Census

NAACP sues Commerce amid concerns over census prep, funding

Shutterstock editorial image (by Gil C): State Census Bureau homepage. 

The NAACP is suing the Commerce Department, alleging the agency illegally withheld internal documents regarding the Census Bureau's preparation for the 2020 count.

The Freedom of Information Act lawsuit, seeking information the NAACP requested in June, is rooted in concerns that the 2020 Census is on track for an inaccurate count.

Specifically, the NAACP is seeking records pertaining to the bureau's plans to mitigate the risks identified by the Government Accountability Office, which placed the Census on its high-risk list in February after the bureau announced it would cancel its 2017 field tests.

The lawsuit also demands information about the impact of President Donald Trump's hiring freeze on Census staffing, budgetary concerns and the June resignation of its director, a position that Trump still hasn't filled.

The 2020 census will rely on more technology than ever before, but the bureau has cancelled or suspended a series of tests of said technology and programs, including the paring down of the critical 2018 dress rehearsal. The NAACP is worried about the bureau's ability to accurately count all Americans.

Khyla Craine, assistant general counsel at the NAACP, told FCW she's concerned that the cuts, combined with the hiring freeze and proposed budget constraints, could potentially jeopardize the bureau's ability to deploy enumerators and conduct outreach in historically hard-to-reach communities. 

"The NAACP's concerns are that many communities of color lack access to the internet, so it'll be difficult to fill out the census," she said. "If you already have a historic undercounting issue using paper ... we need to know how you're going to reach out to these communities."

Terri Ann Lowenthal, who has provided census oversight as a congressional aide, presidential transition team member and private consultant on decennials dating back to the 1990 count, told FCW that while there have been pre- and post-census lawsuits in the past, "I cannot think of a pre-census lawsuit whose goal was to gain access to planning information that could shed light on how successful the upcoming census will be."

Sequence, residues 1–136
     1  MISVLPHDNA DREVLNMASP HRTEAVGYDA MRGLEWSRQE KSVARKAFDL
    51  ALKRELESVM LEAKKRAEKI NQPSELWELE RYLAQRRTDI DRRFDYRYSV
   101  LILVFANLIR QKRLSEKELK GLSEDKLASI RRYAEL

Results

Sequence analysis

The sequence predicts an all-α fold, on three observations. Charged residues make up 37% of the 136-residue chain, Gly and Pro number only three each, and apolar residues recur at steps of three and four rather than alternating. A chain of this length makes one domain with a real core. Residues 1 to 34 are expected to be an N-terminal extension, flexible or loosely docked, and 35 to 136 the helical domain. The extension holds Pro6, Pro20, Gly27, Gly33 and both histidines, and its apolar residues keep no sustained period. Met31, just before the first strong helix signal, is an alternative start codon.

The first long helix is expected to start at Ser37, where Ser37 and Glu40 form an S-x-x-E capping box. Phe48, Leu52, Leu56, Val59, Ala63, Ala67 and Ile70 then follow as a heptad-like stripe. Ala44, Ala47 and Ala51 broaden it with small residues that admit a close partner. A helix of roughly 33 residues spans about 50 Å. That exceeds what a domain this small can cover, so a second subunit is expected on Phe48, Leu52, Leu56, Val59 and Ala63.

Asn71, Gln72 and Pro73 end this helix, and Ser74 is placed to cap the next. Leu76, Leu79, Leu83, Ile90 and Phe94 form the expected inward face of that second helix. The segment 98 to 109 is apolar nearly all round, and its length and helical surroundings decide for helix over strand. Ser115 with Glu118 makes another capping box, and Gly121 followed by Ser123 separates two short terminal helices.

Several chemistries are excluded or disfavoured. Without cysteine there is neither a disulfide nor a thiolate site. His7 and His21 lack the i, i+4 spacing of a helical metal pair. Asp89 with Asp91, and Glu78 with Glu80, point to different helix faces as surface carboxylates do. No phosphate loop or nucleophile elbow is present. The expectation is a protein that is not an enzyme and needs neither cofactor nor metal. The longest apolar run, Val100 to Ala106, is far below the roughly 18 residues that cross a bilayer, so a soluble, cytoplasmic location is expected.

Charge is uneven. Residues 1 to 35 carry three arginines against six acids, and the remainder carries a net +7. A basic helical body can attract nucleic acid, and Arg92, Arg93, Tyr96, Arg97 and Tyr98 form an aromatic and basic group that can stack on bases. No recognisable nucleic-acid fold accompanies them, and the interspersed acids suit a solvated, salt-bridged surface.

Commerce took the unusual step of commenting on the ongoing lawsuit.

"The 2020 Census will add the availability of response by internet as a convenience for those who wish to use it. It is not a substitute for mail, telephone or door-to-door enumerating," said Secretary Wilbur Ross in an emailed statement, characterizing the lawsuit as "largely without merit."

"In order to increase the public's awareness of the census and its importance, an extensive media campaign will be conducted in both major publications and community media," Ross said. "Census will also be working with community groups to provide accurate information to local communities, encourage greater response rates by community group members and to recruit enumerators who are familiar with the local area."

In August 2016, the bureau awarded a $415 million contract to the marketing firm Young and Rubicam to design a communications program to will promote self-response to limit in-person follow-ups by enumerators.

Given the cost overruns and operational changes since the Census's last operational plan was released in October 2015, Ross has convened a task force to produce an updated full lifecycle cost estimate.

"The Census Bureau is committed to assuring a full, fair, and accurate count, and I pledge to oversee the bureau's efforts to discharge that commitment," Ross said.

About the Author

Chase Gunter is a staff writer covering civilian agencies, workforce issues, health IT, open data and innovation.

Prior to joining FCW, Gunter reported for the C-Ville Weekly in Charlottesville, Va., and served as a college sports beat writer for the South Boston (Va.) News and Record. He started at FCW as an editorial fellow before joining the team full-time as a reporter.

Gunter is a graduate of the University of Virginia, where his emphases were English, history and media studies.

Click here for previous articles by Gunter, or connect with him on Twitter: @WChaseGunter

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